Alright, so this is something I’ve wanted to try for a long time and I was finally able to pull it off. Like most of my storm-chasing fantasies, lightning photography is just difficult in all the places I’ve lived. The topography – ranging from hilly to mountainous – makes it a lot harder to see this stuff coming, and harder to get a good angle on it so that there’s some sort of intentional composition to the shots.
But as my 6th grade math teacher used to say, “sometimes even a blind squirrel finds an acorn.” This storm rolled in across the city Thursday night, just to the south of us. The first flashes looked like a speedlight going off outside; Mandy and I went to the back windows to watch if come over the hills. The lightning was intense, a strike occurring every few seconds, although we must have stood watching for a few minutes before I said, “Gee, I should go get the tripod and try photographing this.”
So I took a short jog out to the garage to retrieve the tripod from it’s home in my trunk (which somehow always seems to be inconvenient, despite the best intentions). Back inside, I setup in the window with as much of an angle towards the storm as possible and began shooting.
The summation of my first experience with lightning photography? It’s a complete crap shoot. You’re in the dark, can’t see anything through the viewfinder, and are guessing at the exposure. Short exposures require a great deal of luck, so I went for length, the idea being that in a 25 second period I was decently likely to capture something interesting.
Why 25 seconds? Again, crap shoot. Working around f/8 and between ISO 200 & ISO 320, that’s where the exposure fell. It was a comfortable length of time, long enough to give decent odds of a capture, but not so long that it was a hassle. Plus the extra depth of field was welcome, since this is manual focus territory, and manual focus in the dark tends to bring out some colorful language.
About halfway through my shoot I changed windows. The storm had moved, so I got a better angle on the action and also a new view, this time out over my street and more towards downtown. Whereas the first shots had more of an “off to the horizon” look, these have a more intimate city feel. I like both. Same settings here, except I switched to Tungsten white balance. Mostly because there were far more house and street lights visible in this direction, with their usual nasty yellow color cast. Tungsten cuts the yellows down to a manageable level and turns the clouds a nice, stormy blue. (I was using Daylight white balance before, to keep the more natural purple look the other direction had.)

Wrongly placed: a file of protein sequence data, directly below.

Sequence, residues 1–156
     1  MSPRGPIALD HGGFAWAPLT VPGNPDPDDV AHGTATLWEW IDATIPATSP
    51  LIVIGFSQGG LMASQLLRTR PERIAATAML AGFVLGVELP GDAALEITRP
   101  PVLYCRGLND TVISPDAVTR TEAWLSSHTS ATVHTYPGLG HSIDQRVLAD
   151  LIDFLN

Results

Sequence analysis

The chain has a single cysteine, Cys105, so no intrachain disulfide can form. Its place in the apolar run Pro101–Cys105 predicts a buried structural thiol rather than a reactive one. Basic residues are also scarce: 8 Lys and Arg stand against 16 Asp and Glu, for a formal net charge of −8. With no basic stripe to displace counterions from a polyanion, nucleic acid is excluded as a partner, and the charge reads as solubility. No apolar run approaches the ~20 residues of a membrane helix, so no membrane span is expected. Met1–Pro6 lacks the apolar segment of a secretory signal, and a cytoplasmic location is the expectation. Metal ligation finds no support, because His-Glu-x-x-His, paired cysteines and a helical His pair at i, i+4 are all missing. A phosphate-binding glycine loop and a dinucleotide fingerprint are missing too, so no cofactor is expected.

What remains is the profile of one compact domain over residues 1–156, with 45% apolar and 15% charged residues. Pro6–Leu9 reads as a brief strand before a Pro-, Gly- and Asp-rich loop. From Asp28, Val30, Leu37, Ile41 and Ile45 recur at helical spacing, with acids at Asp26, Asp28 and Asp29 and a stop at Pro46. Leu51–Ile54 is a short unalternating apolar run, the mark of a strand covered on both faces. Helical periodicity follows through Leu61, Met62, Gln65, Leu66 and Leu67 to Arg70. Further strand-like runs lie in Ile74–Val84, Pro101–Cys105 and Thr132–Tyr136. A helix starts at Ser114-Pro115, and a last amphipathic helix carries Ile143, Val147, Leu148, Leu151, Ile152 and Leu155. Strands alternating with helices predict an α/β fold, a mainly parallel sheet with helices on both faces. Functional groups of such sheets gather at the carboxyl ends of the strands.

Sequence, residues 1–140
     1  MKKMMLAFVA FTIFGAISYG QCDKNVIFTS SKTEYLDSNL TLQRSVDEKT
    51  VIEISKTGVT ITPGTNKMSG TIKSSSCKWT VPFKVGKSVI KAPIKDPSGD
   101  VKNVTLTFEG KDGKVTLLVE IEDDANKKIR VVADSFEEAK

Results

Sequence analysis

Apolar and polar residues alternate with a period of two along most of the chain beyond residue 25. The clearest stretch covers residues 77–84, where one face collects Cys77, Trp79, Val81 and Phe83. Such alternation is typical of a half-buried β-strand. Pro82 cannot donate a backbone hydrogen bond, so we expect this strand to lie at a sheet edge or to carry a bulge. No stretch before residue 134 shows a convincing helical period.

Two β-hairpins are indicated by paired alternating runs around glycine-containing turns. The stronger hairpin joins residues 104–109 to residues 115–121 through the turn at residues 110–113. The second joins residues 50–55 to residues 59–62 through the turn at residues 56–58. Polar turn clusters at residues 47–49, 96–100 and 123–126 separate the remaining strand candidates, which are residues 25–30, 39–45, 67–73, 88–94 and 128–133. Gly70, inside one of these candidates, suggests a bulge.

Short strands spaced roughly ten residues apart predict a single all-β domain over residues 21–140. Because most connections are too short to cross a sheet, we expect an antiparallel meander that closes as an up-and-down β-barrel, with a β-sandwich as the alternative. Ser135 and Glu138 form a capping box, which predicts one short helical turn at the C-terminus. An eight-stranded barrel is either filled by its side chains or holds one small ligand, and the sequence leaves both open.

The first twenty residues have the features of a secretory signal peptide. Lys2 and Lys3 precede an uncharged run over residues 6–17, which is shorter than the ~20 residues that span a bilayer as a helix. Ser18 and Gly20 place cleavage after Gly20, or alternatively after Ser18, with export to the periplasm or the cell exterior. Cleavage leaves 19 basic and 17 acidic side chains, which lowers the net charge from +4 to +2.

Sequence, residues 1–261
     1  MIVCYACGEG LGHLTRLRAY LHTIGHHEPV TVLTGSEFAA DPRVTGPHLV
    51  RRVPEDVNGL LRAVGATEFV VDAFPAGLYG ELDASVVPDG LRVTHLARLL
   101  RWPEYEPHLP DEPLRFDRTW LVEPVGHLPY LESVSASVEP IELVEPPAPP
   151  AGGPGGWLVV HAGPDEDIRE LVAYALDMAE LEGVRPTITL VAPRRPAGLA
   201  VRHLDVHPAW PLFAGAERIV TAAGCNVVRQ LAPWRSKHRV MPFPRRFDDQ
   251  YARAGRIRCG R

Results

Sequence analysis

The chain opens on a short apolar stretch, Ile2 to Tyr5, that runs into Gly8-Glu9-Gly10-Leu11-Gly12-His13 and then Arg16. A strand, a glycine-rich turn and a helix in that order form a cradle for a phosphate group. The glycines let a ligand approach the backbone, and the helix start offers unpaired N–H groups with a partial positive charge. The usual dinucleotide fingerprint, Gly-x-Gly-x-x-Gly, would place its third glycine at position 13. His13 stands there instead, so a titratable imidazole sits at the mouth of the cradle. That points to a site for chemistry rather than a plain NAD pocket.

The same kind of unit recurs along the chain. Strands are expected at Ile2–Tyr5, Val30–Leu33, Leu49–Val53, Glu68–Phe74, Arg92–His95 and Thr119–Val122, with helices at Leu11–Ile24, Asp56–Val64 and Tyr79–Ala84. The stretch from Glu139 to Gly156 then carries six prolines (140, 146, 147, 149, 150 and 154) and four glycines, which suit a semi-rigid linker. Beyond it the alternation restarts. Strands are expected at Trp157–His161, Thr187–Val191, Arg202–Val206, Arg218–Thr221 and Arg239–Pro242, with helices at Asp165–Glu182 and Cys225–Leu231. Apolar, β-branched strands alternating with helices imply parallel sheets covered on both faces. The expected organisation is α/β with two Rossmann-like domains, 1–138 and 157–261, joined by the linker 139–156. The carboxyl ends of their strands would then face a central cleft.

I’ve read about lightning triggers, which use the lightning flash itself to trip the shutter. But honestly they don’t interest me much. Part of the fun is trying to outguess the storm and time your exposure window to catch a bolt. There are a lot of misses but the hits are more rewarding for it. In 30 minutes of shooting I got 59 frames, seven keepers, and three really good strikes. That said, however, there are a few things I’d like to do better next time.
Foremost is a better location. Shooting out my windows is easy, but it’s hardly ideal in terms of either flexibility or composition. It’s a case of making do with what I had. An elevated location, on the other hand, with more of a view out over the city, would be epic. Granted, safety is a primary concern – I’m not going to find a bald hilltop and stand out there with my metal tripod. But an upper floor of a building could work, or even shooting from within my car, from a good vantage point.
Second is timing. The weather service issued a warning and this thing was obviously inbound for at least twenty minutes before it got here. It would have been awesome to have been setup and ready, capturing those lightning-heavy first few minutes when the storm’s energy was at its peak. A little preparation would have gone a long way – not having to run out for the tripod, etc.
But what the hell, it was still a lot of fun. And it’s one more thing I can check off the bucket list. Well, sort of…like most such adventures, having done it once just makes me more excited for the next time.